Assessing dFSCI (1) digital

Having got the bit in my teeth with the previous post – I thought I would write a series of items assessing different aspects of dFSCI (“digital functionally specified complex information” for the ID illiterate).

Gpuccio, who is an ID advocate who seems very confident about dFSCI and its value, gave me these defining characteristics (I have done some minor editing such as spelling errors)


The definition of CSI, and in particular of dFSCI, is:

a) A string of digital values

b) Scarcely compressible

c) Whose complexity is higher than 150 bits

d) Which conveys the information for a well defined function…

If you want, we can make explicit what is already implicit in b), and add:

e) For which no explanatory necessity mechanism is known.

You are wrong about circularity. The definition is empirical. Each of the conditions can be objectively tested on a specific string (the only point which is not always available is the computation of the complexity).

a) It is rather easy to verify if a string can be read as a series of digital values.

b) We can verify if it is compressible by known compression systems.

c) If we know, at least approximately, both the search space and the target space, it is easy to compute the functional complexity for a function.

d) It is easy to verify if a function has been explicitly and objectively defined for the string.

e) If a necessity explanatory mechanism is know, well, someone has to provide it. Otherwise, none is known


My plan is to write a post on each of these five items.  This is the first – the digital aspect of dFSCI.  This is the easiest and least important.

According to this definition – if something is to exhibit dFSCI then it must be a digital string. This appears to be a clear concept. The outcome must be composed of items that can only have one of a set of discrete values rather than varying continuously.  However, this restriction has some interesting consequences.  At the scale at which humans normally operate the physical world is not digital.  A series of letters is a series of shapes which vary continuously one from another. Even a bit on a silicon chip is a voltage or charge which may vary continuously between set values.  It is we who allocate these analogue values to discrete buckets.  We place a digital interpretation on an analogue world.  It is only at the atomic/molecular level (or smaller) that the world is digital independently of people’s interpretation.  Under normal circumstances an atom is indivisible.

 

The consequence is that we cannot expect to see digital results in phenomena which do not involve humans except at the molecular level.  If we impose the digital restriction then we remove from consideration our day to day experience of phenomena which are not the product of human endeavour.  We cannot consider examples such as the weather or the orbits of planets.  On the other hand if we look at things that people have designed they will include larger scale things that are digital – plays and music and computers.  But this does not make being digital a signature of design.  It is just a function of how the world is.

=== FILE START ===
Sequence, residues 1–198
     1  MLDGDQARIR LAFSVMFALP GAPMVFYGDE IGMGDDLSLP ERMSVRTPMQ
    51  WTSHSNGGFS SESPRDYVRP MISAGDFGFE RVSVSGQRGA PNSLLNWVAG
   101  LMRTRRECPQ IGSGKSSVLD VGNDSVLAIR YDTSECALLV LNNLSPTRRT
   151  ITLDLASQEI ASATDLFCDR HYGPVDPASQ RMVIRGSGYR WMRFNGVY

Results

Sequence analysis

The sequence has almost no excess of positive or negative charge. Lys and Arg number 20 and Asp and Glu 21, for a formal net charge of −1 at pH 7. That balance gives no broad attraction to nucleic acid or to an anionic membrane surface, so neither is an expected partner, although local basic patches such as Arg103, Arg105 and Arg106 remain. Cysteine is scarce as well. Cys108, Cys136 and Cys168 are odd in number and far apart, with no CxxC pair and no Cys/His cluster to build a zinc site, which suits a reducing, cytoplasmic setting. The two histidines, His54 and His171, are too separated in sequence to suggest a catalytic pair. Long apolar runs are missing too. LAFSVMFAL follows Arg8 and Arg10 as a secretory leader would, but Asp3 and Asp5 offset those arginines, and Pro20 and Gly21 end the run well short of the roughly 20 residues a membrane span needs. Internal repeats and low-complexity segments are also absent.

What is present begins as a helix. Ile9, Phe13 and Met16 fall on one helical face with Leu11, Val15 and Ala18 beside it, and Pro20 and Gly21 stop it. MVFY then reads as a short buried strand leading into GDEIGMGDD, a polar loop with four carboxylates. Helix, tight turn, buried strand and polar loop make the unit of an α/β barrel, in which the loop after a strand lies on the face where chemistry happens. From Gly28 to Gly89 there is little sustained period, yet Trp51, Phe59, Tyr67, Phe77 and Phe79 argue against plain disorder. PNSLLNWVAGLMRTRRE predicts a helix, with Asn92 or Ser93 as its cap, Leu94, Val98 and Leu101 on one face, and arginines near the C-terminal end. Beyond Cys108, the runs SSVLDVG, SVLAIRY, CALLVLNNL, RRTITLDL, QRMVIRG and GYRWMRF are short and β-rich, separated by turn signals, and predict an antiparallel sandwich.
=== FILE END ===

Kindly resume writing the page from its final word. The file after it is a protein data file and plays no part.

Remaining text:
The digital restriction is not a fatal flaw in the concept of dFSCI.  But we should be aware of the restrictions it places on non-human examples and why.

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4 Responses to “Assessing dFSCI (1) digital”


  1. 1 Toronto September 30, 2010 at 12:27 pm

    It is important for the ID side to portray nature as digital information so that they can show that it is should be considered as an intentional programmed result, such as the output of a computer, or a designer of life.

    The reality is that we ..can’t.. describe these things digitally.

    Take pi as an example.

    Described as a digital string, it looks quite complex and specified, ….and never-ending!

    Does this mean that for a real circle of a given diameter there is no absolute value for it’s perimeter?

    Of course not.

    We can’t describe things like pi ..because.. we try to do it digitally.

    The math we’ve come up with serves a practical purpose, not a philosophical one.

    As far as compression, since DNA is a highly compressed version of a human being, goat, or salmon etc., it does not qualify as dFSCI according to Gpuccio.

  2. 2 marktfrank September 30, 2010 at 1:48 pm

    Good point. I think Gpuccio explicitly says that he limits the discussion to things that can be expressed digitally because it is easier to do the maths and generally easier to work with – for him it is just a pragmatic move. He recognises that many things that are designed are not digital. Howeever, there may be a unconsious motivation to digitalise things! And it does have subtle side effects.


  1. 1 Assessing dFSCI (2) scarcely compressible « In Moderation Trackback on October 2, 2010 at 6:37 am
  2. 2 Assessing dFSCI (3) high complexity « In Moderation Trackback on October 3, 2010 at 8:40 am

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